Oh Inspiration, Where Art Thou?

A few days ago, as I contemplated different ideas as my possible first blog post, I slowly became inspired by… well, inspiration itself! And no, I’m not being redundant.  Let me further elaborate on this.

As I had had this “figure out my first blog post topic” task on my to do list for the last few days (which I can now luckily cross off the list!), I set out to ask some of my closest friends if they had any suggestions I could add to my brainstorming list of ideas.  A couple of them mentioned I should write about what and who inspires me, and more specifically what inspired me to start this blog. I, of course, said I would consider that idea (mostly out of appreciation for their trying to help), but must admit I had pretty much dismissed it almost immediately.  However, as the conversation on inspiration carried on with one of my aforementioned friends, and as I realized that’s what I was actually looking for at that moment, looking for inspiration to hit me so I could start writing, I found myself wondering about that little and often elusive word: inspiration.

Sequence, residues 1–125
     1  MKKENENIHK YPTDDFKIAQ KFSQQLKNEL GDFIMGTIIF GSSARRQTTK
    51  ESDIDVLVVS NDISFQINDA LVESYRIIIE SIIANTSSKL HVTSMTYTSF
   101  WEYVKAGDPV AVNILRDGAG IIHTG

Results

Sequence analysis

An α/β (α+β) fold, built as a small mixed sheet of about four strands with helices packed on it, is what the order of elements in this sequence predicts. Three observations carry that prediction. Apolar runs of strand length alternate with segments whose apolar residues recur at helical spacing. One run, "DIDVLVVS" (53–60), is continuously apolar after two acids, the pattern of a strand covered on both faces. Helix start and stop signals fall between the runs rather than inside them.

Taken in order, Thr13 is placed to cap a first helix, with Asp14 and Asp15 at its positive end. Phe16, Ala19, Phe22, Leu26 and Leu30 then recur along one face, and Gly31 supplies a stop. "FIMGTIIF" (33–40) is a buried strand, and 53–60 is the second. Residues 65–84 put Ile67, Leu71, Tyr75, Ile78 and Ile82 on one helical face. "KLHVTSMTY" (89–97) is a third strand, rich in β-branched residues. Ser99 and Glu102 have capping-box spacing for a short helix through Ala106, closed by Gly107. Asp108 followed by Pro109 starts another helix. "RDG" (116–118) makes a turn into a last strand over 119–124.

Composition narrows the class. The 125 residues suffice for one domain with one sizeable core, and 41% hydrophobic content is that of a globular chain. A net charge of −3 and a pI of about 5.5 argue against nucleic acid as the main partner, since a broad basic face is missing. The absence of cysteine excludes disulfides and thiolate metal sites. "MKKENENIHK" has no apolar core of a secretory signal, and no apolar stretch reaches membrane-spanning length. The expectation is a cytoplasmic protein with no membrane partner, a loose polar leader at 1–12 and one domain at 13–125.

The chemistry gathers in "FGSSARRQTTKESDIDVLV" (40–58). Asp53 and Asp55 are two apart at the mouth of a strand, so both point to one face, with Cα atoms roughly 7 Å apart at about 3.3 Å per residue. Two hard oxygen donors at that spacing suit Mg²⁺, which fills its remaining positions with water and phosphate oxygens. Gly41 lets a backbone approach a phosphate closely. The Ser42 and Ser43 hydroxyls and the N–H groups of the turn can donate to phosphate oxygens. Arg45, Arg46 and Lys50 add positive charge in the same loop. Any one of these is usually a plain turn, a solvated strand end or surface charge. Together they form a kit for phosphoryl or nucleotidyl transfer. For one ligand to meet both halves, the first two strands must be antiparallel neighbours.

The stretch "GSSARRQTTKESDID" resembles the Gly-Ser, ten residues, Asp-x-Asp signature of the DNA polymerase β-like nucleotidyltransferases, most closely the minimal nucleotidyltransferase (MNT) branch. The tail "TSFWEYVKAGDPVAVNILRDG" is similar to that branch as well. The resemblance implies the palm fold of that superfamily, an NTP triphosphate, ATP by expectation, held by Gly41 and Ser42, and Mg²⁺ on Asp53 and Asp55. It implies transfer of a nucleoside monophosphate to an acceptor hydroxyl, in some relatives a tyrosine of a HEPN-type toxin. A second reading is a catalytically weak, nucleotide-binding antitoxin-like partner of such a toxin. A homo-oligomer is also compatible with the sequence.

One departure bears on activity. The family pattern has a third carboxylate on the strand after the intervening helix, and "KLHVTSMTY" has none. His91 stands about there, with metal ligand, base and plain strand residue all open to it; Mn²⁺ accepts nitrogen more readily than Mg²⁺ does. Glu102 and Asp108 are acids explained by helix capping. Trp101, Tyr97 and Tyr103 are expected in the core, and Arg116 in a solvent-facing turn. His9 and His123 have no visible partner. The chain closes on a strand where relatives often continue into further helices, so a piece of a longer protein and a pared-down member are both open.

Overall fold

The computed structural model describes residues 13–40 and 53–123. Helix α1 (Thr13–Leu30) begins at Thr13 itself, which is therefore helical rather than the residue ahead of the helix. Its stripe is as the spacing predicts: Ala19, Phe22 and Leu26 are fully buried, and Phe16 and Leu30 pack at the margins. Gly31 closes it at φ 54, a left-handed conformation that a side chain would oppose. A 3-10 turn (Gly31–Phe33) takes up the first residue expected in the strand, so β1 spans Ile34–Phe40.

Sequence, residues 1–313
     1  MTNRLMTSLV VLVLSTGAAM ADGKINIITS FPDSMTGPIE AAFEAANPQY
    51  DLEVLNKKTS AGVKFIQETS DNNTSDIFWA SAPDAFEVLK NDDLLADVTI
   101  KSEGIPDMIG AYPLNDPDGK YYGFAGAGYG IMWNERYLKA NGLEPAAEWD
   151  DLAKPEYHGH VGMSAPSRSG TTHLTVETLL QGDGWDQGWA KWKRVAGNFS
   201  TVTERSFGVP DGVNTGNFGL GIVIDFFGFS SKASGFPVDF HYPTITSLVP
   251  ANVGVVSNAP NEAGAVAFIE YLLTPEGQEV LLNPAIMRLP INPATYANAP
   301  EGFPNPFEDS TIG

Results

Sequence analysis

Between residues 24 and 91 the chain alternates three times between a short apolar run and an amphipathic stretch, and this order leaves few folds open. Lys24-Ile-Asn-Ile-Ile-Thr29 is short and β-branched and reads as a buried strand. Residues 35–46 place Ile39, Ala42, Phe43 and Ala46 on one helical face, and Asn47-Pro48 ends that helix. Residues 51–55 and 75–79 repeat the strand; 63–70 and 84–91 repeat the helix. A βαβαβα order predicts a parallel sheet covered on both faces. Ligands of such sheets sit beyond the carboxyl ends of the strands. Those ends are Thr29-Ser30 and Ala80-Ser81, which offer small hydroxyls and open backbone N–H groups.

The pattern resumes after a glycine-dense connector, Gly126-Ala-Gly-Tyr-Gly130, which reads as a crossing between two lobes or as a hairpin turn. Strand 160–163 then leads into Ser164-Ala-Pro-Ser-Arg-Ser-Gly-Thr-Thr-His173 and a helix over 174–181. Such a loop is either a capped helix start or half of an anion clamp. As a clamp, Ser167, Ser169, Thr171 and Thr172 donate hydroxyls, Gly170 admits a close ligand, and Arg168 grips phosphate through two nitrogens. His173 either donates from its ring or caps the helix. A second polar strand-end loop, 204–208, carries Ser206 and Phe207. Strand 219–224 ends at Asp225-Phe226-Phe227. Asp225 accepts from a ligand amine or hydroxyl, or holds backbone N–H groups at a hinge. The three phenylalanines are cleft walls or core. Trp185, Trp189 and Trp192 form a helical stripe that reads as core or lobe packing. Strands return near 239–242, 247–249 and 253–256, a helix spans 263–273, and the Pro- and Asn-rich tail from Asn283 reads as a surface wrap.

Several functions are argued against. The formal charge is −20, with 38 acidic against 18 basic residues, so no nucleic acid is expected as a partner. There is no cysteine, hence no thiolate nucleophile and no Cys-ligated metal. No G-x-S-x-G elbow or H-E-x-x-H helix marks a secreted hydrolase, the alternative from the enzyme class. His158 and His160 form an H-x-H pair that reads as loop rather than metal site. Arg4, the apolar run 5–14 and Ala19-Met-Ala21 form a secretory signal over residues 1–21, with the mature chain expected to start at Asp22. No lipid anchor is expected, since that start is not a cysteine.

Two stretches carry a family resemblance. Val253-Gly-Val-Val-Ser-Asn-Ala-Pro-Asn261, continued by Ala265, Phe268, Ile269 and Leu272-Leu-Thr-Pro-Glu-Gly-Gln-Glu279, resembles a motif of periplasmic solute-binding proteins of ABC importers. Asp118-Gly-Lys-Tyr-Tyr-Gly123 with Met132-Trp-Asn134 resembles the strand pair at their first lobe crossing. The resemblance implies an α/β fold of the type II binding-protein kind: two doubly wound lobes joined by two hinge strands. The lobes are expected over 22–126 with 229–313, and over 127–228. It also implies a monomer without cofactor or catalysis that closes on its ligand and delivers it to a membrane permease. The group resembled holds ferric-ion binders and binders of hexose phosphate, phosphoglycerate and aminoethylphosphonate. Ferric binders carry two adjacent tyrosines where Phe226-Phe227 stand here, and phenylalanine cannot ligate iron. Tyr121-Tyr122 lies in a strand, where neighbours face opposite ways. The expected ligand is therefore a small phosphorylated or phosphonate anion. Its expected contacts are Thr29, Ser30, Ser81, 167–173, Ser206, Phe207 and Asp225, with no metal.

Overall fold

I’ve certainly heard it millions of times, it has become commonly used by most people, and I have undoubtedly used it myself quite a bit, but truth is I never really thought about what inspiration really means. Up until now my concept of inspiration could basically be summed up like this, inspiration = getting a cool idea about whatever. So, for the first time ever the three following questions popped up in my mind:

What is inspiration?

Where does it come from?

Why do we constantly, sometimes even desperately, search for it?